Da Backwoodz - Wood Work Album

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With so much Southern Hip Hop flooding the market today, it would certainly be easy to brush off Dirty South acts as simply another drop in the bucket, but it would be unjust to do that here.

When one hears about Da Backwudz, a sense of Georgia flavor
emerges. The stereotypical rides, rims and chicks are topics on the album,
right? Well, yes. However, it isn't the only thing on their minds. With so much
Southern Hip Hop flooding the market today, it would certainly be easy to brush
off Dirty South acts as simply another drop in the bucket, but it would be
unjust to do that here.

Right from the jump the duo Sho-Nuff and Big Marc set it off, differentiating themselves from
the pack. The introduction, "Welcome
to Da Backwudz," sounds more like Outkast than Lil Jon.
The instrumental is soothing and upbeat as the emcees pledge to educate through
music. It's a nice mixture of various sounds as you can tell the Southern drawl
is present, the hood aspect is covered and the fun-loving tempo is thrilling.
Their diversity is explained with a line from the second verse of the album: "Church
music and oldies and R&B consoled me, but nothing sounded better than what
the Hip Hop told me."

The range continues to expand with the soulful and catchy "You're Gonna Luv Me" followed by the Killer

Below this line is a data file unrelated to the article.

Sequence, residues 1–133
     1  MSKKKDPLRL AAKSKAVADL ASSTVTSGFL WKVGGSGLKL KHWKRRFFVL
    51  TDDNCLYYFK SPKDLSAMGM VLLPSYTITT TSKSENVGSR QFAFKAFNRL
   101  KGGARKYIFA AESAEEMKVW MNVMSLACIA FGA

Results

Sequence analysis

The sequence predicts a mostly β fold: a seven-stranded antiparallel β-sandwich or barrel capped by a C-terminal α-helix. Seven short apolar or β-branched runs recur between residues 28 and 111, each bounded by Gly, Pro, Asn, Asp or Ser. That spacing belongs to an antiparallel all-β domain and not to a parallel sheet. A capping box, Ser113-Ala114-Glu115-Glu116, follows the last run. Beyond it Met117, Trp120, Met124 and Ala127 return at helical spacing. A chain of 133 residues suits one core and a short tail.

Mike
assisted, bounce-filled "Getting
2 It." "I'll Do" is a
wonderful beat with an accompanying acoustic guitar and sped-up vocal sample.
It is followed by a very different but energizing electric guitar fueled "Lock and Load."

Their lyrical arsenal is also not one-sided. They can take you from romantic
mishaps ("The World Could Be Yours")
to nice storytelling "Feelin' Lonely."
Later, the duo dives into the advice from their mothers ("Momma Always Told Me"), and find time
to attack wack DJs on a nicely flipped Sade sample ("Same Song"). They get sentimental on
"What You Know Bout My Life" as
they discuss divorce and single parent households in the hood. To add to the
concoction, Nas and Slim Thug make appearances on the same track
("You Gonna Luv Me (Remix)")
and add their flavors to the pot.

The downfall of the album lies in clich

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